Recent Incident Highlights Child Abuse and Neglect in North Carolina Psychiatric Facilities

Recent Incident Highlights Child Abuse and Neglect in North Carolina Psychiatric Facilities


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If the true test of government is how it treats its most vulnerable members, then North Carolina is failing. Children suffer in the health facilities that are supposed to help them, and too often the state seems to do very little about it.

A new report from North Carolina Health News tells the story of an 11-year-old girl from Durham who was admitted to Brynn Marr Hospital, a mental institution in the eastern part of the state, when she started to have suicidal thoughts. The week she spent at Brynn Marr left her traumatized – it was desolate, terrifying and she was allegedly sexually abused by an older patient.

Her parents filed a complaint with the North Carolina Department of Health and Human Services, citing poor communication, lack of adequate care and unsafe conditions at the facility.

The department, according to NC Health News, dismissed the complaint, saying “we do not believe an investigation is warranted at this time.” DHHS later said it would reopen the issue and schedule an investigation, but only after state Rep. Craig Meyer got involved by emailing DHHS Secretary Kody Kinsley.

This is not an isolated incident and it is not new either. Harrowing stories of abuse in mental institutions are sadly common, but change and accountability are rare.

Complaints remain unanswered and uninvestigated. In the event that an investigation takes place and deficiencies are discovered, the sanction is often little more than a slap on the wrist – a fine or “correction plan” that is worth about as much as the paper on which it is printed. And all the while, these for-profit facilities continue to benefit financially from a “treatment” process that so blatantly fails the patients it is meant to help.

Many patients in these facilities are interned against their will – a process that is too ruthless in itself. It means being handcuffed in a police car and transported to a treatment center, where neither the patient nor their parent or guardian has the right to make health decisions. In North Carolina, there has been a staggering increase in involuntary engagements over the past decade — a spike that’s closely tied to a burgeoning mental health crisis that’s having a particularly acute effect on children.

Police have received 117 phone calls alleging sexual assault or rape in Brynn Marr over the past three and a half years, according to local police records obtained by NC Health News. Brynn Marr has also received a number of state citations dating back several years, including a failure to report serious incidents — such as a patient attempting suicide — to state agencies as required by law. of North Carolina.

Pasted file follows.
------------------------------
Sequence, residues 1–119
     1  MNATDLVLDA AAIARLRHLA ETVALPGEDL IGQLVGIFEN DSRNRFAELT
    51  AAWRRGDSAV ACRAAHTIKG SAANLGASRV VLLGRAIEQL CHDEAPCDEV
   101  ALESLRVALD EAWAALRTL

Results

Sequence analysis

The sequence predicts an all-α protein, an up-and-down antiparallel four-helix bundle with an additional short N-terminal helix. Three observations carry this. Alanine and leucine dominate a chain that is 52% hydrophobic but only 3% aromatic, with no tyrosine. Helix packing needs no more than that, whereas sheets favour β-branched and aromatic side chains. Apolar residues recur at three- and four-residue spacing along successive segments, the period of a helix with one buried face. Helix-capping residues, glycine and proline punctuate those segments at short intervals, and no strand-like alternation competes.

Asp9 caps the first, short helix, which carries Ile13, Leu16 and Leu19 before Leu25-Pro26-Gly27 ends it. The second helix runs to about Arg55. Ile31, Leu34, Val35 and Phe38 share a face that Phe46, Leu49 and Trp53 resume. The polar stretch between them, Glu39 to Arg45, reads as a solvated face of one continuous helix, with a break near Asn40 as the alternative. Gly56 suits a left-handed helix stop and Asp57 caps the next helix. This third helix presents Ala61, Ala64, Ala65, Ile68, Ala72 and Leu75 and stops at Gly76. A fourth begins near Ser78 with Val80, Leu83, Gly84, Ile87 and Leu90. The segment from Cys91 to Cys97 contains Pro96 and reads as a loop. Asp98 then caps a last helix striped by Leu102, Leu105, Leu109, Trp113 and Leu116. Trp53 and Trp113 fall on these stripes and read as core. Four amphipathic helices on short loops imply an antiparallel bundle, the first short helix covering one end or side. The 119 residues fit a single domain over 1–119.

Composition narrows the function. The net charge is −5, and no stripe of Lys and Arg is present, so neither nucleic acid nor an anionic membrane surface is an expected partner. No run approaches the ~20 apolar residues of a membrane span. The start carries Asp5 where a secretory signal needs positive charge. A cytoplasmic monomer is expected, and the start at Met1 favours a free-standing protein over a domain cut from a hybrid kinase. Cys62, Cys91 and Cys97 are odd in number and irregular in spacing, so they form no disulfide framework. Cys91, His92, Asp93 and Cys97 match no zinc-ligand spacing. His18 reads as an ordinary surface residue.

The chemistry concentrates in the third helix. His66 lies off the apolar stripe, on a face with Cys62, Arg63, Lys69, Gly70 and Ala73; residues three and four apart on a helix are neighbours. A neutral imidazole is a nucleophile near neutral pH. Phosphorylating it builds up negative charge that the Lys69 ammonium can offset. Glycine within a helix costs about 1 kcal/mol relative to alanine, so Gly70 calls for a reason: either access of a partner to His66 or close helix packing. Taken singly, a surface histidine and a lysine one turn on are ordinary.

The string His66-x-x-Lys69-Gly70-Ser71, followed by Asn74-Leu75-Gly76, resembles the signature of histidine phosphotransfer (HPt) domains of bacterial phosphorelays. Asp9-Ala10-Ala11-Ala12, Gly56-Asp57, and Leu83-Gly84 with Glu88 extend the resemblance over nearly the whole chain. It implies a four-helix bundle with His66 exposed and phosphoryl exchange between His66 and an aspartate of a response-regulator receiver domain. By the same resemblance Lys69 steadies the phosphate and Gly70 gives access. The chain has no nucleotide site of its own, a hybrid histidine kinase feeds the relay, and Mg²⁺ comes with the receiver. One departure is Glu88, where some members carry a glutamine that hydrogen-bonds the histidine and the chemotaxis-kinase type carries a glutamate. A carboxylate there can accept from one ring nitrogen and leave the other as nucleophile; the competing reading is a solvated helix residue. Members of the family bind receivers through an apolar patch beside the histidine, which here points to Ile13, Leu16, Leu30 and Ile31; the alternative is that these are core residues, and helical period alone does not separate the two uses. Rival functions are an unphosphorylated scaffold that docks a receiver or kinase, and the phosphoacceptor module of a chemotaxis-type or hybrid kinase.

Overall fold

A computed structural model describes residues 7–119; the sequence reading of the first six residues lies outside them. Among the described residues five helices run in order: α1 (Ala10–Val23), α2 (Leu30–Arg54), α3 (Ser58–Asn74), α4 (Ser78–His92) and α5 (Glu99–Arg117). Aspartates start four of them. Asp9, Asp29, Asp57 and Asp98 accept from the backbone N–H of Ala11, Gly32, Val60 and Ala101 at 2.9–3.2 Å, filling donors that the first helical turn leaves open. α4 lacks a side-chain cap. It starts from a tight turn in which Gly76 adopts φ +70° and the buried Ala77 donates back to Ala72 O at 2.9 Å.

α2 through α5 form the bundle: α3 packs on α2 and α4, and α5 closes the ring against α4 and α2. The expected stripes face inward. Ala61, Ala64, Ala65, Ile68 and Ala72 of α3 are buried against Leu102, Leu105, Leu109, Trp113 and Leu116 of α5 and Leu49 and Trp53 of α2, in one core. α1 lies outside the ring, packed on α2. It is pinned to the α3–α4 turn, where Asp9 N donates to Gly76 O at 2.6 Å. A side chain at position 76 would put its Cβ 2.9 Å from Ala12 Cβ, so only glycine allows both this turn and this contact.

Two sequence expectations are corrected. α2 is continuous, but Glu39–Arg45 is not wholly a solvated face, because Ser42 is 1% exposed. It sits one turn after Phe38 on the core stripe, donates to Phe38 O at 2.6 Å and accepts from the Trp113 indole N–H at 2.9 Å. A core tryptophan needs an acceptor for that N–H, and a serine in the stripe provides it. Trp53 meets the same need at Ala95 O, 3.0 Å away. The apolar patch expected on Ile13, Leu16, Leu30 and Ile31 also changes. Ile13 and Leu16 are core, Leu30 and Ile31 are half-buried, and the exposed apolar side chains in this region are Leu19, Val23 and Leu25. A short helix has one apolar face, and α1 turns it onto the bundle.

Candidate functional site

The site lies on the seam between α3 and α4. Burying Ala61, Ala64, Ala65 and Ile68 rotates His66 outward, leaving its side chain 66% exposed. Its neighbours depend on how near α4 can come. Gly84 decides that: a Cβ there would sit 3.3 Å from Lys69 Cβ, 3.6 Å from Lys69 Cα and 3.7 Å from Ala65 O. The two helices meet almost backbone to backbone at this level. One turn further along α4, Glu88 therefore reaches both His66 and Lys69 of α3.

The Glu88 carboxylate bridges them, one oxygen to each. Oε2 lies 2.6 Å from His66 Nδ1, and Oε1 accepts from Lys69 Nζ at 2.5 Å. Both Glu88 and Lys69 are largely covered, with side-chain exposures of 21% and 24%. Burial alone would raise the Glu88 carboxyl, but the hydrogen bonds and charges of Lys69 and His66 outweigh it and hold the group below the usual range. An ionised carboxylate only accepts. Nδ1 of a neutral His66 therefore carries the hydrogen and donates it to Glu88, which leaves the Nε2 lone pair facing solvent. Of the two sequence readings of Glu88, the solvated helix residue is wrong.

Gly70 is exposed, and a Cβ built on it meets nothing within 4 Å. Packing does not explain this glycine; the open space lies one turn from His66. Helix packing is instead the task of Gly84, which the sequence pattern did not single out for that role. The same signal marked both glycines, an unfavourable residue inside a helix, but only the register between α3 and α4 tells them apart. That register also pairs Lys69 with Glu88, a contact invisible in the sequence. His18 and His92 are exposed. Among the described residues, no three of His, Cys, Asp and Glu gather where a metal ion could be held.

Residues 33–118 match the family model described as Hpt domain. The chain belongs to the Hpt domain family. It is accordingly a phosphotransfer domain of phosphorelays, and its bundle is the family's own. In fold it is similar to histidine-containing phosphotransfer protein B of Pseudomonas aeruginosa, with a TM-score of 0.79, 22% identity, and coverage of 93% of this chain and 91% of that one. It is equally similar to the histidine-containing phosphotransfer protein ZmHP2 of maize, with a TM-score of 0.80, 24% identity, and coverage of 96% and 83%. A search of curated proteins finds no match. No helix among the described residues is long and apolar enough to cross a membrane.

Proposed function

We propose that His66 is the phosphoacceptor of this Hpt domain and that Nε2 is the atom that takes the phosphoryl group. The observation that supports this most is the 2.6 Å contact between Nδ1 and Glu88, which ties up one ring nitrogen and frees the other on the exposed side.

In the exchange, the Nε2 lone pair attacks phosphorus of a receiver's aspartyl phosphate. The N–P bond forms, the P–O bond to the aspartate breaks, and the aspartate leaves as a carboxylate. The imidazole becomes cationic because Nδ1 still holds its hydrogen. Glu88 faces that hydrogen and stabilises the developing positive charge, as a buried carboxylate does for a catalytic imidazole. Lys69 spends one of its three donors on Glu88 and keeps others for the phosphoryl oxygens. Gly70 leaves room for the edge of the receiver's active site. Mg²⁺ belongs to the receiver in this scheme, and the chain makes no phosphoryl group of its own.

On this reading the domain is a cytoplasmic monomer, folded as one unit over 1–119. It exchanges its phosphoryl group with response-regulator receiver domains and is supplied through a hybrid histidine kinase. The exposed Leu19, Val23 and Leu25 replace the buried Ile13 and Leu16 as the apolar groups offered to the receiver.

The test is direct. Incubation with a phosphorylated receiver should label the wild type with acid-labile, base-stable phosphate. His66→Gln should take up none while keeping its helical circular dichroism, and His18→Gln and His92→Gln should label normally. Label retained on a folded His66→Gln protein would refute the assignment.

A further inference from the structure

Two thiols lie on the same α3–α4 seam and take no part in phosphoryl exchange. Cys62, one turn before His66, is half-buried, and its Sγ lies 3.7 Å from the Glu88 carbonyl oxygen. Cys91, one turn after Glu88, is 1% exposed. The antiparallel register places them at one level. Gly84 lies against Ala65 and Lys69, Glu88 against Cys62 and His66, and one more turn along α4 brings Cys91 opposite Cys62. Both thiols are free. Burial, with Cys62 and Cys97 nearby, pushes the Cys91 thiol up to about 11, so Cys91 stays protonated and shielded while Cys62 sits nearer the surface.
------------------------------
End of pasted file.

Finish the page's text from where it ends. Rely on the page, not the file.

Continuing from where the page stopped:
Throughout North Carolina, similar problems exist. An in-depth investigation published last year by the USA Today North Carolina Network detailed the desolate and inhumane conditions in children’s mental institutions across the state. The survey found that few patients receive the care they need and many suffer abuse from staff or other patients.

DHHS finally closed a mental institution in Garner after years of violations that endangered and traumatized patients, The News & Observer reported last year.

This doesn’t just happen in North Carolina. Brynn Marr belongs to Universal Health Services, a large, for-profit company that owns hundreds of facilities across the country, including two other mental health treatment centers in North Carolina. Universal Health Services has come under scrutiny from federal regulators as well as Congress for allegations of abuse and neglect at its behavioral health facilities. Most of these facilities receive taxpayer-funded payments from Medicare and Medicaid, which means they are subject to oversight by state and federal regulators.

But where are the regulations? How and why does this keep happening, and why have the authorities done nothing to stop it?

That hundreds of children continue to suffer inside these facilities is a dereliction of duty on the part of DHHS and the legislators who fund it. That it would take the power and influence of a state legislator to initiate an investigation into the sexual assault of an 11-year-old girl while in someone else’s custody is ashamed.


What is the Editorial Board?

The Charlotte Observer and Raleigh News & Observer editorial boards combined in 2019 to provide our readers with more comprehensive and diverse opinion content about North Carolina. The editorial board operates independently of the Charlotte and Raleigh newsrooms and does not influence the work of the reporting and editorial teams. The combined board is led by NC Opinion Editor Peter St. Onge, who is joined in Raleigh by Associate Opinion Editor Ned Barnett and Opinion Writer Sara Pequeño and in Charlotte by Cartoonist Pulitzer Prize winner Kevin Siers and opinion writer Paige Masten. Board members also include Robyn Tomlin, vice president of McClatchy, Local News, Rana Cash, editor of Observer, Bill Church, editor of News & Observer, and Barry Saunders, longtime columnist. from News & Observer. For questions about the board or our editorials, email

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